‘Hacking’ is a much misused term, typically applied to controversial computing practices. However, the ‘hacker’ subculture involves a technical elite whose prowess is displayed through the imaginative re-purposing of consumer electrical equipment. Although widely feared for its lack of adherence to social norms, the hacker ‘open, solution-driven, hands-on’ ethos is increasingly finding favour in all manner of creative collaborations. The research project Hacking the Body explores using the concept of ‘hacking’ data to re-purpose and re-imagine biofeedback from the body. It investigates understandings of states of the body, and hacking them to make new artworks in site-specific performance, mobile installation, participatory experiences and visual artifacts, to explore new understandings of body states and to engage the public with their bodies in new ways. Through the use of biosensing, DIY devices and tapping into networks within the body, the body’s code is examined to make playful, interactive works.
This workshop looks at the technological practice of hacking, and how choreography and participatory performance is shaped by ethos, methods and approaches. Participants will be introduced to the basics of soft circuitry and electronics, Arduino software, programming, and reading a sensor. At the end of the day they will have a functioning interactive sensor which they can sew onto a garment, bag or cushion cover.
Part 1: a brainstorm session on what hacking could mean in reference to performance practices, current and potential, followed by the conceptualisation and devising of mini-performances with materials and soft-circuit sensors made in Part 2.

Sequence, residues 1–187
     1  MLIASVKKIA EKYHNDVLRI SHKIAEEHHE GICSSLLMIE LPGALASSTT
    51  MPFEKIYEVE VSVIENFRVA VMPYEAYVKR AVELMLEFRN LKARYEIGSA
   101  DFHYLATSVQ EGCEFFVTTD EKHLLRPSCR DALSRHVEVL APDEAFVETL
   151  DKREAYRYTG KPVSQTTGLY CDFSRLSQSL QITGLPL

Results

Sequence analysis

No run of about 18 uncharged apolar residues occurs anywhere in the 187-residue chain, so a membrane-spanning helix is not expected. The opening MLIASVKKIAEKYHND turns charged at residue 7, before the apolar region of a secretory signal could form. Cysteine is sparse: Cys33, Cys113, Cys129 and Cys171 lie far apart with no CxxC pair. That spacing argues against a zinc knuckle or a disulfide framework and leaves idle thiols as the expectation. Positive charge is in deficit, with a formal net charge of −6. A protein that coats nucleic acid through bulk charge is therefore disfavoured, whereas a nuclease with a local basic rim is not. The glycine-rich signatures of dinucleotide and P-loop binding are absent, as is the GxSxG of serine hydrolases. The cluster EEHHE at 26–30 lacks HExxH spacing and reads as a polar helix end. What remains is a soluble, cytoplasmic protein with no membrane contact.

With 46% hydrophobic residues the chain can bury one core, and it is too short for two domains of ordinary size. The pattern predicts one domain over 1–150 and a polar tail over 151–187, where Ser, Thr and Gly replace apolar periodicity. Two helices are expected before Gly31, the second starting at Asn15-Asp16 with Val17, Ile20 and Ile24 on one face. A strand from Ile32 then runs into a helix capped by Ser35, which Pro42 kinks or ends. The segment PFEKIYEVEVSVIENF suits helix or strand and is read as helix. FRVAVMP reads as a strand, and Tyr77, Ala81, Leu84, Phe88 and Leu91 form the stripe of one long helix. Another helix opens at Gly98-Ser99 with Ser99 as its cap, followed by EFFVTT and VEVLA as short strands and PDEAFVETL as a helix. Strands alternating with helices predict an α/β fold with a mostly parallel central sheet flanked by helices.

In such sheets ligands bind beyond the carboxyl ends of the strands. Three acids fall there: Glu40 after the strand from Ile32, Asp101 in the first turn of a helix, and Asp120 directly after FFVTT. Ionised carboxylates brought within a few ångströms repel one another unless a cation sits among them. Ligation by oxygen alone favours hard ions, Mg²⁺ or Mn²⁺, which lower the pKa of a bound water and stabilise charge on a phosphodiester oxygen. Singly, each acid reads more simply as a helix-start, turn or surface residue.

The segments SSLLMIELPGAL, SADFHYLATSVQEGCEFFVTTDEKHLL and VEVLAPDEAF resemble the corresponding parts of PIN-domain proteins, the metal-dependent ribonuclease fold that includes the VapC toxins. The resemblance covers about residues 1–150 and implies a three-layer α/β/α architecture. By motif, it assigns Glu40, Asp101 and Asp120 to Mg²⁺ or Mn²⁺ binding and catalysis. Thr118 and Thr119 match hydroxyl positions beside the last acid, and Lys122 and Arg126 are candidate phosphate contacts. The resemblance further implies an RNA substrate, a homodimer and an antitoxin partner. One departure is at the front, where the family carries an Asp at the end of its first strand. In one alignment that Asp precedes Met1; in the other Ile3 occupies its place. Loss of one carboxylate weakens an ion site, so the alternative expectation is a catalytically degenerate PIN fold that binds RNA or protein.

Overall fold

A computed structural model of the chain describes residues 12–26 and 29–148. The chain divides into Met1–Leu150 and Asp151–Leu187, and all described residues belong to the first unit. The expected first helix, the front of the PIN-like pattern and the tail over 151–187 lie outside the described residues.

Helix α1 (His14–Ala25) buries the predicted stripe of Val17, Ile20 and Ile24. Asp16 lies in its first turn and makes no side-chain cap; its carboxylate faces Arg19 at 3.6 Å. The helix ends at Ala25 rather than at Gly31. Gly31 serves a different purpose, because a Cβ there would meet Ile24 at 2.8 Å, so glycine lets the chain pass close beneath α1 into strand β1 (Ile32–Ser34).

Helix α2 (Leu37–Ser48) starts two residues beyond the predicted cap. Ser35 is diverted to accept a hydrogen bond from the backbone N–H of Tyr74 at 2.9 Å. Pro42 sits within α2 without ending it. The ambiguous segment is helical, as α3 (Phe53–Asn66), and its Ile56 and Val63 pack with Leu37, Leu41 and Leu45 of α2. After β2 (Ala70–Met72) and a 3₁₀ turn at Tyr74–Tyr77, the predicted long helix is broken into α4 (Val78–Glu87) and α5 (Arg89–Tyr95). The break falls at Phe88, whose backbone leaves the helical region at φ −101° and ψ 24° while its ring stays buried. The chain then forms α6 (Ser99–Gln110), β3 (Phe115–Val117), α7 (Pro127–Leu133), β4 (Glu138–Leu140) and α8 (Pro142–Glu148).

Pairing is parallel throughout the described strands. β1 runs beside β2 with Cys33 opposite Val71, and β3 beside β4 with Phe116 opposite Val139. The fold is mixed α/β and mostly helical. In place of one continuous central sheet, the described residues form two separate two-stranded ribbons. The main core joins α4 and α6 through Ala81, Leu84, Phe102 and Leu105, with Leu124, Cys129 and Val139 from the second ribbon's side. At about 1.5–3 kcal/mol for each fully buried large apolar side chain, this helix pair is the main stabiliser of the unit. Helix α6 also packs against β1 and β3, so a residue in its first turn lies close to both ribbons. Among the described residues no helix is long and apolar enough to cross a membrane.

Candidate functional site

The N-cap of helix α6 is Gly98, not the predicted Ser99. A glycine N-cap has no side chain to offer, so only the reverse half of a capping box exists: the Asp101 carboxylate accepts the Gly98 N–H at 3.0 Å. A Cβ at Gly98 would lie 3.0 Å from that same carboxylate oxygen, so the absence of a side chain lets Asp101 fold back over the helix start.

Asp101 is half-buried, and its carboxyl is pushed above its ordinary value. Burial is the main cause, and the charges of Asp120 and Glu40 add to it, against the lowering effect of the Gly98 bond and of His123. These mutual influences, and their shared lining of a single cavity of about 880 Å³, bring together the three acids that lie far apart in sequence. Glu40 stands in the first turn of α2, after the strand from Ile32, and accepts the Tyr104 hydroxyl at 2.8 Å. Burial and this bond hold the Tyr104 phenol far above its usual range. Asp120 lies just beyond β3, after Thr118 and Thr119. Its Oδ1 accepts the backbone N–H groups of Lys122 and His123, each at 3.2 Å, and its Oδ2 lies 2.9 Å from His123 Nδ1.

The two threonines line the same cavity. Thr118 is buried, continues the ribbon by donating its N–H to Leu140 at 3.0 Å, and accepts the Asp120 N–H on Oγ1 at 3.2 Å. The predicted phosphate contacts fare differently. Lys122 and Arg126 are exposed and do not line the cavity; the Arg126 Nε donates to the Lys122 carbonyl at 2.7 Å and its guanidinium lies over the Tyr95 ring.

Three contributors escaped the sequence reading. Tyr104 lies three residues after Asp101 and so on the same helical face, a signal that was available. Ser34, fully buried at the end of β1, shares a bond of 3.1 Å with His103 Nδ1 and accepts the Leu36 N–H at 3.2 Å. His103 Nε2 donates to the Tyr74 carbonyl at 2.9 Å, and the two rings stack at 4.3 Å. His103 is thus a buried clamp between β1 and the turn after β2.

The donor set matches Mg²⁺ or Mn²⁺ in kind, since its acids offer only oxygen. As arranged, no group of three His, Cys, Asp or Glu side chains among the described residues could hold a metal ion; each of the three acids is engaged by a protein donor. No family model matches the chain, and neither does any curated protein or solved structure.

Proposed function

Part 2: a maker session – participants will be guided through soft-sensor construction, using conductive stretch materials to hand sew, knit or crochet. They will then experiment with how custom responsive software interacts with the sensors.
Part 3: participants trial their mini-performances with their sensors and custom responsive software.
Anticipated participants include artists interested in DIY maker activities and hardware ‘hacking’ for wearable electronic fashion, performers and choreographers, artists and the general public – all are invited to get involved.
Participants must bring:
• A piece of fancy fabric of your choice. It is best to use something non-stretchy and stiff, something like cotton or canvas.
• wool and a crochet hook/ knitting needles
Fee includes: Equipment used in the session. Some conductive materials, threads, wool and other materials will be supplied as well as scissors, batteries, LEDS, etc. for the soft circuits; however participants are welcome and encouraged to also bring their own.
Camille Baker is a media artist/curator working within various art forms: mobile media, participatory performance, smart-fashion/soft circuits, interactive installation, responsive environments, telematic performance, video art, live cinema, media curating, and music performance. She teaches Digital Media at Brunel University, West London, UK.
Baker completed her PhD project MINDtouch through SMARTlab Digital Media Institute, UEL in 2011, on social collaborative ‘VJing’ in mobile performance media contexts using wearable sensors. She has presented at festivals, conferences and symposia around the world, most recently: Becoming Nomad: Hybrid Spaces, Liquid Architectures and Online Domains, April 10, 2013, University of York St John, York, UK; Exhibiting Performance Conference, University of Westminster, 2013; EVA Conference 2012 London; Future Fashion Panel for Better Fashion Week, Dublin, Ireland, 2012; International Symposium of Electronic Art (ISEA) 2011, Istanbul, Turkey; Digital Stages Performance Festival 2011, London; TEXTURES, SLSAe 6th Annual Conference, Riga, Latvia, 2010.
Kate Sicchio is a choreographer, media artist and performer whose work explores the interface between choreographic practice and digital technology. It includes dance performances, installations, web and video projects, and has been shown in Philadelphia, New York, Canada, Germany and the UK at venues such as the Arnolfini, Banff New Media Institute and WAX Brooklyn. Her choreographic research has been presented at ISEA, DRHA, Congress of Research on Dance and others. See http://www.sicchio.com